Seasonal Surge In Gasoline Prices Has More Than Meets The Eye, Says GasBuddy Analyst
GasBuddy analyst Patrick DeHaan says rising gasoline prices in Illinois are following a seasonal surge along with the rest of the country, according to findings from a 2018 Fuel Outlook that he says matches up with findings from the U.S. Energy Information Administration.
So, why the surge?
“The larger factor in what’s driving prices up currently in the last couple of weeks has been the rising price of oil,” said DeHaan.
DeHaan says OPEC has been producing less crude oil for the last fifteen months in an effort to increase prices. Venezuela, a major oil producer, is not producing as much oil because of economic turmoil — which he says OPEC might not have expected when they pursued their crude oil policy.
DeHaan says that the U.S. trade war with China, and the civil war in Syria are not helping; adding that the U.S. is exporting oil at a record pace, thereby reducing its own oil supply.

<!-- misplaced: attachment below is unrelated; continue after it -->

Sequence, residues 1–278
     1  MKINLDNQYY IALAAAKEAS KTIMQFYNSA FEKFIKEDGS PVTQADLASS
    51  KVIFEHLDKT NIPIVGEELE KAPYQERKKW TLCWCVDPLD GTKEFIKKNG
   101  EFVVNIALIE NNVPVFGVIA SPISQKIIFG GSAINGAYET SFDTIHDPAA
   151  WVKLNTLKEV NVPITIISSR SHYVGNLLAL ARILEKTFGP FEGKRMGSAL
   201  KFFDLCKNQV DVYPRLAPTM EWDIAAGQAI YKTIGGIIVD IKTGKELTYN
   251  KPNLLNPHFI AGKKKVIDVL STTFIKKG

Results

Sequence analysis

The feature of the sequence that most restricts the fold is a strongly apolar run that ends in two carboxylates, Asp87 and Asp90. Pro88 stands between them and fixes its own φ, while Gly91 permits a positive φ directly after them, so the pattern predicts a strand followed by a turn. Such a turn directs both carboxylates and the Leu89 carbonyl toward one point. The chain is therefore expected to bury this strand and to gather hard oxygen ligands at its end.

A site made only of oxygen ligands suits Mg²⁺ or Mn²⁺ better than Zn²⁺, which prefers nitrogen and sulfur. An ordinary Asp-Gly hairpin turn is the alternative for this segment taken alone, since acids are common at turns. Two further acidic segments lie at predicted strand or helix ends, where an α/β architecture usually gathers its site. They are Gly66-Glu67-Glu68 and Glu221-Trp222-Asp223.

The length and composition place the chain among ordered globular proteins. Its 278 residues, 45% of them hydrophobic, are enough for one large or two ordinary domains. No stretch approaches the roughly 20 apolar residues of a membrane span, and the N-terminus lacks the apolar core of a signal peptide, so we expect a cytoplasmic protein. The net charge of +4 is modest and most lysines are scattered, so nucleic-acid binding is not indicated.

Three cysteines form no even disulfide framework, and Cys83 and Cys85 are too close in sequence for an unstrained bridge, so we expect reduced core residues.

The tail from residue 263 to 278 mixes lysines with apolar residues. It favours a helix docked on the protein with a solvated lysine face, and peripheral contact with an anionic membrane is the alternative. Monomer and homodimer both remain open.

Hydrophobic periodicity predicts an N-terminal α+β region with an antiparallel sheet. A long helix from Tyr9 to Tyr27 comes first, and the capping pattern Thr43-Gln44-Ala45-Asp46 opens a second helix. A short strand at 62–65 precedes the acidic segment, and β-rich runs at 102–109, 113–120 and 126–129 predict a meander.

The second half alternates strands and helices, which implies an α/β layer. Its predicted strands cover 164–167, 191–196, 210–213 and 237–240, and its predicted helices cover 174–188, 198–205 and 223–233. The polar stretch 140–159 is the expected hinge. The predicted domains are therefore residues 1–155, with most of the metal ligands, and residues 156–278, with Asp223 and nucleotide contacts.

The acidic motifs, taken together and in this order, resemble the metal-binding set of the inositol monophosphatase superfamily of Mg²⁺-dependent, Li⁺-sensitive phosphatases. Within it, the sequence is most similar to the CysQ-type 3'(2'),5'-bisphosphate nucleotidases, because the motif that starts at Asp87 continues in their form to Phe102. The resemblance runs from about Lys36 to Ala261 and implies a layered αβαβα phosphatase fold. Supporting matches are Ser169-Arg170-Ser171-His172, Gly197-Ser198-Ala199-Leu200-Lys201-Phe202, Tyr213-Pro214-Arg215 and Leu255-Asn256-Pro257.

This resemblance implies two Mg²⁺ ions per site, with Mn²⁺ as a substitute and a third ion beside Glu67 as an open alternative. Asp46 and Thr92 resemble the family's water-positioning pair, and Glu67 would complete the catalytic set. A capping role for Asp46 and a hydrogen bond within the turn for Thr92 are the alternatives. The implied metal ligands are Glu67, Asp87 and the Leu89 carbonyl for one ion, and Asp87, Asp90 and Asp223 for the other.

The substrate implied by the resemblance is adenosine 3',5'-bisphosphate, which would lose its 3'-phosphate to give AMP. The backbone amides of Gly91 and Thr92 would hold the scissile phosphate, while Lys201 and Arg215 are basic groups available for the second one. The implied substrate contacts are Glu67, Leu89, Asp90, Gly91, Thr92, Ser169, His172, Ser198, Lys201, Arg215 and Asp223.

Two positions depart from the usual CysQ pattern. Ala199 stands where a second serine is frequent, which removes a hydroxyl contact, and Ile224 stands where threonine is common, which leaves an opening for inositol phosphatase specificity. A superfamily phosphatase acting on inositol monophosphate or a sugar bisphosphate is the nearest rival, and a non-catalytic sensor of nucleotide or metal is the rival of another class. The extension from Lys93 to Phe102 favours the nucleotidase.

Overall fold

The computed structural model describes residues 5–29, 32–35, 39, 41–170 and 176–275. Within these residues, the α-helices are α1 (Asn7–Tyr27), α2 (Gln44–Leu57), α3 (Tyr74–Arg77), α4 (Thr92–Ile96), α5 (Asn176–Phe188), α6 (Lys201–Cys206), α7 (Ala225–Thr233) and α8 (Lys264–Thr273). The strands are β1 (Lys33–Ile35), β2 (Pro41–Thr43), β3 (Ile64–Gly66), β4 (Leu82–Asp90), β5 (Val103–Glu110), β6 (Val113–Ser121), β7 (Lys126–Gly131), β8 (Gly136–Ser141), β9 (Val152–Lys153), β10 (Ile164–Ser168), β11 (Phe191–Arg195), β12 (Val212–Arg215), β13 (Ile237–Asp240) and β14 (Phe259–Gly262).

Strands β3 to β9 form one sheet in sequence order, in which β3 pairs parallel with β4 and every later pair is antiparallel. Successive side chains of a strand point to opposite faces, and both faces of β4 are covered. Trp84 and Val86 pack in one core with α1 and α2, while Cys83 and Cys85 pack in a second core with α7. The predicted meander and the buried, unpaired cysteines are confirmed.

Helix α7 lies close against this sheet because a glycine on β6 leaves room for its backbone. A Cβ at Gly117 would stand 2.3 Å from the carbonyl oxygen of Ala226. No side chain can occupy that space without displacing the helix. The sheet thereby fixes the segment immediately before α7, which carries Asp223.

He says usually gasoline prices increase around this time of year because of routine maintenance at U.S. refineries, and Environmental Protection Agency regulations going into effect every May that require a transition to cleaner gasoline blends.
He says these two seasonal factors typically lead to less gasoline produced, which increases its price for consumers. While summer prices tend to be higher, they will start to fall as gasoline production increases.
DeHaan adds that while the increasing price in oil is playing a larger role this year, that is not to say that refinery maintenance and EPA regulations are not a factor.